Two things can happen here. The first is that we never reach our goal. No one in the world is interested enough to spend a few dollars on a crazy scheme. Colonizing a whole planet just isnít a priority for us as a species and the whole project is cancelled, in which case the money in the bank account is returned to you, untouched. No one loses.
But say for example people are interested in going to Mars. Say the world gets inspired by this, and wonders if we really can do such a thing. If the money gets past the cut off point, your $10 is ours and itís committed to Mars. The first thing we do is start designing and building our own rockets, a cheap, expendable booster that we mass-produce. We will test this rocket hundreds of times by launching satellites, proving the rockets reliability, and making money for the Mars fund at the same time. More money will be spent on an advertising blitz, the likes of which the world has never seen. Every major advertising medium will present our plan. If the world wants to go, theyíll have the chance.
As I mentioned before, a Mars Direct style mission could be accomplished for less then five billion. Five billion dollars isnít pocket change, and even when the ball gets rolling we might fall short, in which case any profits from launching satellites or space tourists will pay off our investors.
But is five billion really that much? At least thirty billionaires could pay for it by themselves, or if the whole world chips in, itís less then a dollar per person. Several corporations could afford five billion from profits alone. If every country in the world split the bill, it would only amount to twenty-five million each.
But of course none of these are valid options. I donít expect Bill Gates to pay for it all himself (but if heís smart, heíll invest in some land). Sell-Mars will work only with the combined efforts of the general public, business, and governments. By setting ourselves no limits, by utilizing every moneymaking scheme we can think of, from muffin drives to movie rights, we should reach our target.
Here are just a few examples of Sell-Mars ideas.
Selling land on Mars. ($10 per acre, or $100 for 100 acres) Selling Mars rocks. (price dependent on size) Selling the naming rights for Martian geographical features. Selling the broadcast rights, movie rights, and a reality Mars TV show. Planting your countryís flag on Mars. ($5 Million) Martian astronaut sponsorship. ($50 Million) Tourist flights into orbit. ($10 Million) International lottery with the prize being a trip to Mars. Auctioning off the rights to examine the first returned Mars rocks. Auctioning off the rights to name the first Martian life.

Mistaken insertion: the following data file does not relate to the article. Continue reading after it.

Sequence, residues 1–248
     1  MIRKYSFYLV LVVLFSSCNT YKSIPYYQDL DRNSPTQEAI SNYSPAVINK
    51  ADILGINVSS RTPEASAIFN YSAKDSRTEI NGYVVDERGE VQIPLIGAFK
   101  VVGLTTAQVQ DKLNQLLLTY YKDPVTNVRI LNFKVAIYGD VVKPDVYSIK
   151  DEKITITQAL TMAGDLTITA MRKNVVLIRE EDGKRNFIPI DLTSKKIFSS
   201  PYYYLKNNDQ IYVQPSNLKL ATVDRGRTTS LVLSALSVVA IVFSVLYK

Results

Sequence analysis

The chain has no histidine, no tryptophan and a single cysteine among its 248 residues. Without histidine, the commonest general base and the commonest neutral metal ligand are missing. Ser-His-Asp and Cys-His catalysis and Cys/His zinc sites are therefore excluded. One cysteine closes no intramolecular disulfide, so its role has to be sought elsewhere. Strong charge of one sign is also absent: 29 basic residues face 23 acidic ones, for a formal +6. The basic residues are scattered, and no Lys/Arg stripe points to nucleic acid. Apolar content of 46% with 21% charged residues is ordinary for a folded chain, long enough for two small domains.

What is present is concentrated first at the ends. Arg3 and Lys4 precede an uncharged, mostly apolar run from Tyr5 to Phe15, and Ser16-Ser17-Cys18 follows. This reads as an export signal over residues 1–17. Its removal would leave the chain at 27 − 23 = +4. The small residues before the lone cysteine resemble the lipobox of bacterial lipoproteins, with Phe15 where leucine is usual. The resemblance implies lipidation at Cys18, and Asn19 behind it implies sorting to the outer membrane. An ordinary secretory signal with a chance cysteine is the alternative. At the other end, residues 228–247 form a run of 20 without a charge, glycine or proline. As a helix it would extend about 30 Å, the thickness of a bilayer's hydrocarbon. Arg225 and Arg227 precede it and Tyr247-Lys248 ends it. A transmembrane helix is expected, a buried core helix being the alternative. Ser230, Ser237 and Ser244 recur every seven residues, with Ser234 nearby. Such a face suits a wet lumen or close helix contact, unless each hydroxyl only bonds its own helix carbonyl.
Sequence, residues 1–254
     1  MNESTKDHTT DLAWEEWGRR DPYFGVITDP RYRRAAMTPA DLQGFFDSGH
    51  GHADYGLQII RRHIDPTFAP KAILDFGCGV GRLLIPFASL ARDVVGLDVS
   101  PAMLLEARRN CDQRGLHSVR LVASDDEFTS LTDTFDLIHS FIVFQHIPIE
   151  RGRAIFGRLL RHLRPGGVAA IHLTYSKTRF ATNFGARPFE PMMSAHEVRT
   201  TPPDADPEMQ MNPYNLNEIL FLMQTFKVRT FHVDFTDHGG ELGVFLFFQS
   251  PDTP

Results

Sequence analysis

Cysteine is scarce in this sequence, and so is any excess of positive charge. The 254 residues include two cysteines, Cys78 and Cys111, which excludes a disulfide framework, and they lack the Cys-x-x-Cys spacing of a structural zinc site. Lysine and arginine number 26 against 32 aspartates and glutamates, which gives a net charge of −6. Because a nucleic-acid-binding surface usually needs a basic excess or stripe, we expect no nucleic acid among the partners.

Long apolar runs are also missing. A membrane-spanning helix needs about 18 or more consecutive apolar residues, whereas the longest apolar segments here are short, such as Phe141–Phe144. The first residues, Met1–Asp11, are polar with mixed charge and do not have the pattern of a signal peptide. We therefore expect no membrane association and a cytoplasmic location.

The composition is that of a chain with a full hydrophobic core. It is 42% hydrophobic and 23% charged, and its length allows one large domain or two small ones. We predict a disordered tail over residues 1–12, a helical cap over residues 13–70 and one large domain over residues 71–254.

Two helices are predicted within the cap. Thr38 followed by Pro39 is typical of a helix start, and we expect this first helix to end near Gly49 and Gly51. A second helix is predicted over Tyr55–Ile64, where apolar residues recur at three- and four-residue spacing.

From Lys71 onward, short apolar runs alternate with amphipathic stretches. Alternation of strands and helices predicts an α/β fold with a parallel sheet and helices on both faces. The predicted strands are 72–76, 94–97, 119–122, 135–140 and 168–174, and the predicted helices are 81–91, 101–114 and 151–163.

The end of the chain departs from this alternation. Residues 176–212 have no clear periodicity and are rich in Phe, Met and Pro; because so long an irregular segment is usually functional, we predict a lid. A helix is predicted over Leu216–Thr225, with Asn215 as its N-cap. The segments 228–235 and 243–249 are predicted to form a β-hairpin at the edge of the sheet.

The first mission will launch to a worldwide audience of billions. This is a rare advertising market, on par with events like the Olympics, so major corporations can advertise to the world and show their support for Mars.
After the launch, the astronauts will host a weekly reality TV show, of life in space, and the exploration of Mars. Permanent cameras will be mounted to the astronautís suits, allowing viewers back home to experience Mars along side the astronauts.
The first astronauts will plant a red United Nations flag in the Martian soil. They will claim the planet for all the people of the Earth, to be administered at first by the Sell-Mars organization, and later by a fully autonomous Martian government. Please donít assume that weíre claiming the planet for ourselves only. While the land that we have sold will be legitimately owned by the people who bought it, it will only amount to less then one percent of the surface. Thereís plenty of room for all. If anyone else wants to mount their own mission to Mars, theyíre more than welcome to it.
The first explorers, by landing on behalf of all the people who invested money in the plan, will have the right to claim a few percent of the planet, and so the land deeds will be therefore valid. I imagine that the land will rise in value after it has been claimed, as it will now be legally recognized.
As the astronauts spend a year traveling around Mars, they will no doubt have to catalog many mountains, craters, valleys, and other features. The digital cameraís they carry will send back pictures to Earth, so John Smith, who paid to have a mountain named, will get to see his investment.
In a year the astronauts will have plenty of time to explore and carry out experiments on the Red planet. They will also examine techniques vital to building a sustained human presence on Mars, the ultimate goal of the project.